Establishing a connection with the model is crucial for achieving the desired results. I try to create a fun and relaxed atmosphere where models feel natural and trust me.

I always treat models with great respect and professionalism. Building positive working relationships not only helps me create excellent photographs but also helps me earn a reputation as a photographer that models want to work with.
" I wish I could say the same for the young women who were just on the runways at the New York fall collections. Overall, they were pale and thin, and entirely lacking in the joyfulness and charm that once defined the supermodel. This, of course, is not their fault: Designers now near-uniformly favor a non-vivacious, homogenous ideal."

― Anna Wintour

In this video, you can see how the photographer and the designer lead the models, stylists, makeup artists, and other professionals to create magic on the set.

You notice how each team member plays their role in the process and how their synchronized interaction leads to the creation of stunning shots.

You see how they adapt to changes and find creative solutions to achieve the desired result.
Your task is to explore ready-made lighting setups and compositions, which are widely available on Google, in order to apply them independently in your own photoshoots. Carefully study various lighting setups used in professional photography and select a few that you particularly like or that suit your shooting style.

Once you have studied the ready-made lighting setups, conduct your own photoshoots using these setups. Pay attention to how they impact the resulting images and how well they align with your expectations. Evaluate which lighting setups work best for you and how successfully you were able to adapt them to your own style and vision.

After that, you are encouraged to make changes and modify the ready-made lighting setups to better suit your needs and style. Experiment with different variations and incorporate your creative ideas into the process.

At the end of the assignment, take note of the results you have achieved and evaluate the effectiveness and success of your experiments.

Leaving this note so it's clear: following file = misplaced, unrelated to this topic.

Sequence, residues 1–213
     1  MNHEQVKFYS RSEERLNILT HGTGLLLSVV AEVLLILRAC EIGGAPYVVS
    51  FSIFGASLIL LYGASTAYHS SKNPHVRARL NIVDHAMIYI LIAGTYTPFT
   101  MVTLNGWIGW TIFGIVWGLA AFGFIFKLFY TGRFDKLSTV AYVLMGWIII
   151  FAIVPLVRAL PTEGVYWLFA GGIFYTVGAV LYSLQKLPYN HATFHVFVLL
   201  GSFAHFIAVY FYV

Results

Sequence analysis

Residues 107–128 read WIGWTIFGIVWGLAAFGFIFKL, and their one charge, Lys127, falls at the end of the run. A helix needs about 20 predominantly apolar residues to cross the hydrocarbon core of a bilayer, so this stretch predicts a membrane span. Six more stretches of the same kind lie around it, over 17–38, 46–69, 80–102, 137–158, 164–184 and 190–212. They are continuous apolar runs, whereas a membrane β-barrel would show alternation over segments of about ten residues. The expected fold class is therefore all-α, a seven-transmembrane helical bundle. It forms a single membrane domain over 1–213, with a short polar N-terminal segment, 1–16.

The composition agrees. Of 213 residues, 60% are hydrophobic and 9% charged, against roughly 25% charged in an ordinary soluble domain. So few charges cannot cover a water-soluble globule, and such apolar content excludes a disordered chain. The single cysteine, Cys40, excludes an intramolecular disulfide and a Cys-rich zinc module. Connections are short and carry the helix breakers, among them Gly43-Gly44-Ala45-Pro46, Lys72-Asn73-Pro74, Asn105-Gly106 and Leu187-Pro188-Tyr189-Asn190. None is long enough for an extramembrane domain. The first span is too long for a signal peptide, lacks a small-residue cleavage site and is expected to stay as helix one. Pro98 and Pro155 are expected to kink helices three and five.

The goal of the assignment is to develop your ability to apply ready-made lighting setups and then modify them to better align with your creative needs and photography style.
For me, experimenting with lighting is a key aspect of the creative process. I strive to explore different lighting setups during my shoots to discover what works best for me.

However, my approach to lighting goes beyond simply memorizing and reproducing exact settings and compositions. I aim to gain a deeper understanding of how light influences the creation of different moods and effects in photography. This helps me develop my intuition and use lighting as a means to bring my creative vision to life.

When I had my own studio and acquired strobes, I often invited friends to try out different lighting setups together and see how they worked in practice. Initially, I would simply replicate lighting configurations, but over time, I started making modifications and experimenting to create more interesting and unique effects.

My advice to you is to not be afraid to experiment with lighting and find your own style. Explore different lighting setups, study the equipment, and try them out in your shoots. Observe the results and assess how well they align with your expectations and creative vision. Remember that experiments and changes can lead to the most unexpected and inspiring outcomes. So go ahead, explore new horizons in your photography, and enjoy the process!